When Eustacia takes her usual walk the next day, she runs into the reddleman, who informs her that Wildeve waited for her last night in their meeting spot under Rainbarrow. Eustacia suspects that Diggory Venn is the other suitor who wants Thomasin's hand in marriage. Venn is shocked when Eustacia declares she wants Wildeve to marry Thomasin. She sends Venn with a note to give to Wildeve. Eustacia is equally surprised when Venn declares he will do whatever it takes for Thomasin to be happy, even if her happiness means marriage to Wildeve. Eustacia does not reveal why she is no longer interested in Wildeve.

That night, Venn gives Eustacia's note to Wildeve, who is shocked and outraged by Eustacia's declaration that she no longer cares for him. Wildeve then sets Venn up. He lies to Venn, saying that Mrs. Yeobright has agreed to Venn's marrying Thomasin. A surprised but happy Venn hurries back to his van to get ready to see Thomasin and Mrs. Yeobright. At the same time, having decided to ask Thomasin to marry him since Eustacia does not want him, Wildeve rushes to the Yeobrights'--he cannot risk being rejected by two women. Before Venn can propose to Thomasin, Wildeve tells him that he has already asked Thomasin to be his wife--and she has agreed.

Thomasin tells her aunt that she is to marry Wildeve the day after the next at his church. They agree that she must marry as soon as possible, for Clym has heard of the rumors and has written to his mother about the humiliation of Thomasin's jilted wedding (Clym is not home--he has gone to visit a friend). Thomasin and Mrs. Yeobright are discussing the wedding when Diggory Venn arrives. To Thomasin's surprise, Venn has come to propose to her, but Mrs. Yeobright tells him that he is too late.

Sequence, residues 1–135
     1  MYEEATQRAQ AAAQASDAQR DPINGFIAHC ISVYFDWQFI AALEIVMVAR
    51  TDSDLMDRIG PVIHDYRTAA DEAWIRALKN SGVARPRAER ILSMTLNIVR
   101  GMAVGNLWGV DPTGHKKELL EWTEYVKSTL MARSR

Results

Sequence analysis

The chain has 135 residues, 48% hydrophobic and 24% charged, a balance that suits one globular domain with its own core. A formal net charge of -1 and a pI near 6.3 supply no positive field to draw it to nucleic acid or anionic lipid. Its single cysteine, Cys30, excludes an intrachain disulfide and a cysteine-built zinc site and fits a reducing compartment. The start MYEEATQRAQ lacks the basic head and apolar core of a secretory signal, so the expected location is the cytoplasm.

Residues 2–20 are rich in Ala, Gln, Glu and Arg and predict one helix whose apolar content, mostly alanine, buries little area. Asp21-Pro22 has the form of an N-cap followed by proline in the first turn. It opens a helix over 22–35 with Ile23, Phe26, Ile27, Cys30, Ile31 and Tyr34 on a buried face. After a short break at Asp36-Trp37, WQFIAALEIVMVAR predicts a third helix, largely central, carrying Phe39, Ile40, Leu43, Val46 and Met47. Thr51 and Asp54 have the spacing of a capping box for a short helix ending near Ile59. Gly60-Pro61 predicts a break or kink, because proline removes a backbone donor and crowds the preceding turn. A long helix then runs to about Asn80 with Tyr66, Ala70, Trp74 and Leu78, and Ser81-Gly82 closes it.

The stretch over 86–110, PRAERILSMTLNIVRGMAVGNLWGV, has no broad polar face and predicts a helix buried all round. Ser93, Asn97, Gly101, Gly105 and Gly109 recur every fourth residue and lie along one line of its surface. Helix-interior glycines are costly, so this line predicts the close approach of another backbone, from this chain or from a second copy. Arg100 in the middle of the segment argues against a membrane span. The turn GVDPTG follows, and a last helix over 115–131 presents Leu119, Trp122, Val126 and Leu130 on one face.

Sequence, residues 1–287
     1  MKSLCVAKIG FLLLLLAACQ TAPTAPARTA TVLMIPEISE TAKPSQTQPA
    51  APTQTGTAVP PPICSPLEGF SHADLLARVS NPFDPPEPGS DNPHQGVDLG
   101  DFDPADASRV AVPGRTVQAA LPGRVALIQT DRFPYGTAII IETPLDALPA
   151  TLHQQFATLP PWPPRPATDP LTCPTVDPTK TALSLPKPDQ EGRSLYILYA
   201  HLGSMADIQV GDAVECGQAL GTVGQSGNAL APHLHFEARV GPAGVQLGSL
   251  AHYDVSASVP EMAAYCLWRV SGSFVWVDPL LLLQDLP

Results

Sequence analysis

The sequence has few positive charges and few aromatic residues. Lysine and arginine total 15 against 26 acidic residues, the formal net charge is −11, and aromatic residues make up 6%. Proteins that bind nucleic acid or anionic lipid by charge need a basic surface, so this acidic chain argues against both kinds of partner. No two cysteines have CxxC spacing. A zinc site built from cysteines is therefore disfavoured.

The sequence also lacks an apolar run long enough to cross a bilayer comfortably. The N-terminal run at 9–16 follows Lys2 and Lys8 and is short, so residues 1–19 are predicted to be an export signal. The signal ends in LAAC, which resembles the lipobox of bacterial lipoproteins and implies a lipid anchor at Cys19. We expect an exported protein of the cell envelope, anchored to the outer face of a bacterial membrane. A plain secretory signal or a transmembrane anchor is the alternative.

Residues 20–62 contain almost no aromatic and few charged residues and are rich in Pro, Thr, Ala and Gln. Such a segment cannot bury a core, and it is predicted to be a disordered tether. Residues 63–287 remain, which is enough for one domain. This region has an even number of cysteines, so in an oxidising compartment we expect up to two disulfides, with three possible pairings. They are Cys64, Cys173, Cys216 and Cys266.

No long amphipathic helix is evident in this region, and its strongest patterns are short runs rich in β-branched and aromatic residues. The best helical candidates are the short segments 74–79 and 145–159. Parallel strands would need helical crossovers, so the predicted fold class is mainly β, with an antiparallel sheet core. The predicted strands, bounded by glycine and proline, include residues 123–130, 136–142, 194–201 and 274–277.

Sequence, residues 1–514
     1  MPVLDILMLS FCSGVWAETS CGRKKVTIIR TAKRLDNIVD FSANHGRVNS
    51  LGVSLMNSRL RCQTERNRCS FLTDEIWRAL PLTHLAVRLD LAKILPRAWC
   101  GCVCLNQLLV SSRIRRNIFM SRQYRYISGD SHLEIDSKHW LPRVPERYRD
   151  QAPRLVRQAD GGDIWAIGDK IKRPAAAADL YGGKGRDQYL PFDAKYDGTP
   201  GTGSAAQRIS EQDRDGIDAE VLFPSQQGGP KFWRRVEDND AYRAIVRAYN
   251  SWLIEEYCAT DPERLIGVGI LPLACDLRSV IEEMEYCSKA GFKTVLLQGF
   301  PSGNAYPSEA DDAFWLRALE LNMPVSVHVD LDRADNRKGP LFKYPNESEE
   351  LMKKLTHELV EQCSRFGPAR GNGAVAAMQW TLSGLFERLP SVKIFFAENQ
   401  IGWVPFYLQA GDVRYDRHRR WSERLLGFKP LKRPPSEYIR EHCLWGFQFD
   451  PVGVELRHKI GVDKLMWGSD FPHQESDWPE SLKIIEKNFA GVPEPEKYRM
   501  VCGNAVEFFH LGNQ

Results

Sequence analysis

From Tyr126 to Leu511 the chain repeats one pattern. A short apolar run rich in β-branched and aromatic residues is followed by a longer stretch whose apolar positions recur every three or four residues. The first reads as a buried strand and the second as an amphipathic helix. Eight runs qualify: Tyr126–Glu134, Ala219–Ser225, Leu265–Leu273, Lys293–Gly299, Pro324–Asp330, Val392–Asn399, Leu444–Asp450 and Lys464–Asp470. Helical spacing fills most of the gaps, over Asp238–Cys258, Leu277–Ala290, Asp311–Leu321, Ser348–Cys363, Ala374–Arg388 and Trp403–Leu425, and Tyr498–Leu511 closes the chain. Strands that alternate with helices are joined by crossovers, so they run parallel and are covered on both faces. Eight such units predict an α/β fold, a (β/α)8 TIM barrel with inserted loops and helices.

On the day of Thomasin's wedding, she takes great care with her appearance; she braids her hair in seven strands (the more important the day, the more strands the heath-women braid their hair in) and dresses in her fancy blue silk dress.

Topic Tracking: Heath Customs 5

Thomasin decides to go to the church alone, to Mrs. Yeobright's great reluctance. Mrs. Yeobright weeps at the painful separation from her niece. However, Mrs. Yeobright is distracted from the thought of Thomasin's wedding when she spots Clym far in the distance on his way home. Clym, upset that neither Thomasin nor his mother has told him of Thomasin's relationship with Wildeve, decides to go to the church and offer his congratulations to the married couple. He feels terrible that no one in their family has gone to support Thomasin on her wedding day. However, Clym is stopped along the way by Diggory Venn. He tells the Yeobrights that Thomasin and Wildeve are indeed married--he has witnessed the wedding. Mrs. Yeobright is surprised to hear that Eustacia Vye had given Thomasin away. Clym asks who Eustacia is; his mother tells him that she is from Budmouth and some of the heath inhabitants believe that she is an evil witch. Venn explains to them that Eustacia had been the only person available to give Thomasin away. What he does not know about the wedding is that Eustacia is perfectly satisfied that Thomasin is married (and therefore no longer a rival for Clym) and tells Wildeve in private that he deserves Thomasin.